The FTP Team

There are 3 roles in the ftpmaster team: "FTP master", "FTP Assistant", and "FTP Trainee". The people that are currently assigned to one of those roles are listed (with the exception of the trainees) at the FTP Team website and at the Debian's Organizational Structure page. The FTP masters can do everything in the archive. The assistants are limited to NEW processing, removals and override changes. The trainees can only add notes to packages in the NEW queue.


Interacting with the team

Task description

This team, commonly referred to as "ftpmaster" (a bit of a misnomer since the role is largely the same regardless of the network protocol used to obtain Debian packages from official archives), oversees and maintains the well-being of Debian's official package repositories.

Running the archive

The FTP masters are responsible for maintaining the infrastructure required to support the archive. This takes the form of the scripts used for processing uploaded packages, but also the flow of packages between distributions.

One thing that the FTP masters are explicitly not responsible for is the maintenance of the mirror network. This is handled by the mirror team.

Supporting the Release Managers

The FTP masters do not determine policy for the flow of packages from unstable to testing, nor they run the scripts that control the process. Similarly, the FTP masters do not determine which packages should make up stable point releases.

However, they are responsible for ensuring that the packages move into/are available in the various releases correctly (as defined by the Release Managers).

Of course, the FTP masters are also responsible for the final movement of packages from testing into stable at the time of release, following the instructions of the release managers.

Accepting and rejecting packages

When a package is uploaded to the unstable or experimental suite, it falls into one of three categories. If it is a new version of an existing package and adds no new binary packages, it is moved into the package pool automatically. If one or more of the binary packages or the source package itself is not currently in the archive or if a package is moved between the components (main, contrib, non-free), it is NEW and must be examined by an FTP Team member (see NewQueue). Finally, some uploads are not traditional Debian packages (installer images, for example) and are classified as BYHAND to indicate that they require manual processing. In the case of the upload failing basic checks, it will be rejected.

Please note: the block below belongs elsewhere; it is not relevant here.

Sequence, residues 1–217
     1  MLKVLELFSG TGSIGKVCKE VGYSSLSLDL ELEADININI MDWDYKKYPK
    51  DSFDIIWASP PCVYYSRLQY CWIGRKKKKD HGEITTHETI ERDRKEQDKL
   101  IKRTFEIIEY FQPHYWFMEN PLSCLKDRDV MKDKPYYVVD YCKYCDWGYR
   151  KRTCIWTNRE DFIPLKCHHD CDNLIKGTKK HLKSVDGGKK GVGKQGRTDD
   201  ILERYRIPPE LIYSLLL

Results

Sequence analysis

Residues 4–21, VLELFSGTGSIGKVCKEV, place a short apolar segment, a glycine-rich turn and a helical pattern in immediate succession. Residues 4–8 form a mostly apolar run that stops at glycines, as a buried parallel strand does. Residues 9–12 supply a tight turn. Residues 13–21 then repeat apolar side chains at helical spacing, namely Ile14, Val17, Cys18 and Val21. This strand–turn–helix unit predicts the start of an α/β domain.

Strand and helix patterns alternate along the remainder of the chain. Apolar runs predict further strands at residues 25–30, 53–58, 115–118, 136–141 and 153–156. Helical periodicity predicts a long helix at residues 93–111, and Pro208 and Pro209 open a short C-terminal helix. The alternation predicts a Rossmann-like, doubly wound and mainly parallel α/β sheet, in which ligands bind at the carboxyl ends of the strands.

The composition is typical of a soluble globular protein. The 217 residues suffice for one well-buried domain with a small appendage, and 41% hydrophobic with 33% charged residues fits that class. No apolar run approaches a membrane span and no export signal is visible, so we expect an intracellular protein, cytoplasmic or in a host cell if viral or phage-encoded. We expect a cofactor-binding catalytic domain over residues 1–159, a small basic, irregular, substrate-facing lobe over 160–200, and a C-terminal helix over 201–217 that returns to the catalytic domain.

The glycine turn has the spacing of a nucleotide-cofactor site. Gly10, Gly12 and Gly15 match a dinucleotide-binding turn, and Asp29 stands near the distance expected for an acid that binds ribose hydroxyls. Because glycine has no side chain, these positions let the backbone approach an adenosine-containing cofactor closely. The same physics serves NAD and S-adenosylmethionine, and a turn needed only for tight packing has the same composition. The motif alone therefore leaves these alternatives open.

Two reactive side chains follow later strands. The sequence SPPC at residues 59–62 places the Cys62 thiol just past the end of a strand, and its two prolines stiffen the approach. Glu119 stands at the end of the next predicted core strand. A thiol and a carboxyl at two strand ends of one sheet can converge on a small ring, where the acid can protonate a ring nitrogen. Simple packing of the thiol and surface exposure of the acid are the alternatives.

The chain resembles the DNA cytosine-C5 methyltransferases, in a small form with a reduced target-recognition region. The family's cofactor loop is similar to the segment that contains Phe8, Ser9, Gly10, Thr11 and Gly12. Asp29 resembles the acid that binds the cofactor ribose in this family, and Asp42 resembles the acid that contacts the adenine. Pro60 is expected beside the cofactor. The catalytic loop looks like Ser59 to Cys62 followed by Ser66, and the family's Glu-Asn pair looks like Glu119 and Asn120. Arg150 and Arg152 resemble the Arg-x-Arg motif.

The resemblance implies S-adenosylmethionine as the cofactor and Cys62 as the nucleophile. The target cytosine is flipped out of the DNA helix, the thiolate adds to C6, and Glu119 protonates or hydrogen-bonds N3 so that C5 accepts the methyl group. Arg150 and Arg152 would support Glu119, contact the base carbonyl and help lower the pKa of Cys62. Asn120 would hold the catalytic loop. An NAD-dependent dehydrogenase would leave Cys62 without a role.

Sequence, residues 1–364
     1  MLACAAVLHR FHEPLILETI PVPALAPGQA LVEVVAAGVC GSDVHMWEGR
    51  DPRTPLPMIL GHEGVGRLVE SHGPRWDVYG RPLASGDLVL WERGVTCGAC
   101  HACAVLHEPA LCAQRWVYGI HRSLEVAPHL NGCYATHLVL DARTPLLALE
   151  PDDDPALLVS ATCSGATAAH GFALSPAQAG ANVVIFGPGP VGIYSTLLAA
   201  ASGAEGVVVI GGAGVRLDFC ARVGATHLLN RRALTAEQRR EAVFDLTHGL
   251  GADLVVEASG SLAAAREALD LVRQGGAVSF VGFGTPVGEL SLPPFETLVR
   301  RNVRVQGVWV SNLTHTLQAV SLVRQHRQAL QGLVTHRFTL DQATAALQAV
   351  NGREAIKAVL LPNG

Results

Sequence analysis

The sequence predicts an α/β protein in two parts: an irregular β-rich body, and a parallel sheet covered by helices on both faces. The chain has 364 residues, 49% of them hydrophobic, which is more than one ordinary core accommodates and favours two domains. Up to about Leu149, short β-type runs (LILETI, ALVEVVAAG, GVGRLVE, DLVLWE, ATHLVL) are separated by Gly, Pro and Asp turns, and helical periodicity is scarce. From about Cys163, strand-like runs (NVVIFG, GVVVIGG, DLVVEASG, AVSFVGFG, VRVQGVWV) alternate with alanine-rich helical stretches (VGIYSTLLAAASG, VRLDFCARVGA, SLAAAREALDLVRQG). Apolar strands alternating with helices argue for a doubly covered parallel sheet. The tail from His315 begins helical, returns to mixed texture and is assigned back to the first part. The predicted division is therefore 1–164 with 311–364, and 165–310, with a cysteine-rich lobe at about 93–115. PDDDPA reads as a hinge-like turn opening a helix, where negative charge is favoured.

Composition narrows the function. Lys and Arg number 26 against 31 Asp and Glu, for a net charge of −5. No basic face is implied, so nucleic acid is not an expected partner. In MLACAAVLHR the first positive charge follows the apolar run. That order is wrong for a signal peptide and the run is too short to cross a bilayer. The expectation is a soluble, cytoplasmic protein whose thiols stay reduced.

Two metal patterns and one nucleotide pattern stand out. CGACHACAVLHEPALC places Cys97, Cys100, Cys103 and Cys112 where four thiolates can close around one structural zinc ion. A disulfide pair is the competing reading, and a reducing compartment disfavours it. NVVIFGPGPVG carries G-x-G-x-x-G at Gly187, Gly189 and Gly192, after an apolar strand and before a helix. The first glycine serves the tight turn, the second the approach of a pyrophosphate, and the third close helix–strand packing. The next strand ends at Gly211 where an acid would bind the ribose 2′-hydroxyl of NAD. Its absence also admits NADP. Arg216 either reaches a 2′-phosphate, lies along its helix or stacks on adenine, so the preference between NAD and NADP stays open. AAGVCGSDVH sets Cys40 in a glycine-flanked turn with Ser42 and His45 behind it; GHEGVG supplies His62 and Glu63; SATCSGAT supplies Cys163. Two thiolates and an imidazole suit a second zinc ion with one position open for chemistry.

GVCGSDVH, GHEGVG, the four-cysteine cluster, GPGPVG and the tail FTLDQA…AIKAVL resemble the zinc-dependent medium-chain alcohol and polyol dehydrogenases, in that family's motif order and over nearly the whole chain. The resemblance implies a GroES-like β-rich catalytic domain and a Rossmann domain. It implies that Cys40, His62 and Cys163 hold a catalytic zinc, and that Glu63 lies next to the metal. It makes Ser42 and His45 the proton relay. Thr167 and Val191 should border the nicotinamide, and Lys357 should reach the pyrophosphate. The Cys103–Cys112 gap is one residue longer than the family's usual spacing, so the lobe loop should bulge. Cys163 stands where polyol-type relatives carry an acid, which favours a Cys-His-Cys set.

Packages that are moved into NEW are added to a queue. The contents of the queue are mailed daily to the FTP Team members, along with information about the packages. This queue also has a webpage. This allows them to check the copyright of the package and ensure that the package meets certain basic levels of correctness. However, it is not their responsibility to ensure that the package is free of release critical bugs - it's expected that the maintainer has done so. In the case of the package potentially leaving Debian liable to lawsuits, it is unlikely to be accepted.

Manual NEW checking is required in order to ensure that uploaded packages meet certain basic standards. In the absence of the NEW check, it would be much easier for packages with legal issues or those with gross packaging defects to enter the main Debian archive.

Once a decision has been made about the package, the FTP Team will either reject (in the case of an obvious fault with the package) or accept the package. Four times a day (see count-down), the archive is updated to reflect the new packages. Then the changes are distributed across the mirrors.

Maintaining the state of packages and the archive

The FTP Team members have the opportunity to alter the priority and section of binary packages at any time. This information is stored in the overrides file, which in turn is used to generate the packages file in the archive. Historically, this was required because packages did not contain priority and section information. Nowadays this allows a greater level of consistency in package placement, and is most useful when new sections (and, in theory, new priorities) are created.

Package removal is also important. This falls into two classes - binary packages that are no longer required because the source package no longer builds them, and requests for removals of packages. The archive is regularly scanned for binary packages that are no longer built or which are otherwise unnecessary, and the results are mailed daily to the FTP Team. After checking that this is intended, FTP Team members will then remove the package.

The standard way to request removal of a package is to file a bug against This may be because of difficulties with the package license, because the maintainer no longer wishes the package to be in Debian or because there are legal issues associated with the package. In this case, the FTP Team members must manually remove the package.

Maintaining the Debian Archive Kit

FTP Team is the primary maintainer of the Debian Archive Kit (dak). The main git repository is available at . Since git is a distributed version control system, everybody can contribute easily to dak. The development is coordinated via the debian-dak mailing list.


Overall, the FTP Team accepts responsibility for allowing new packages to enter Debian, removing old ones and ensuring that the archive contains the correct packages in the correct place. While much of this work is automated, it still requires a large amount of vigilance, as well as effort to update the tools as the needs of the project change.

Debian Archive Queues and Directories

Get involved


FTP Masters are DPL delegates (as per Debian Constitution ยง8). The actual delegation text is available.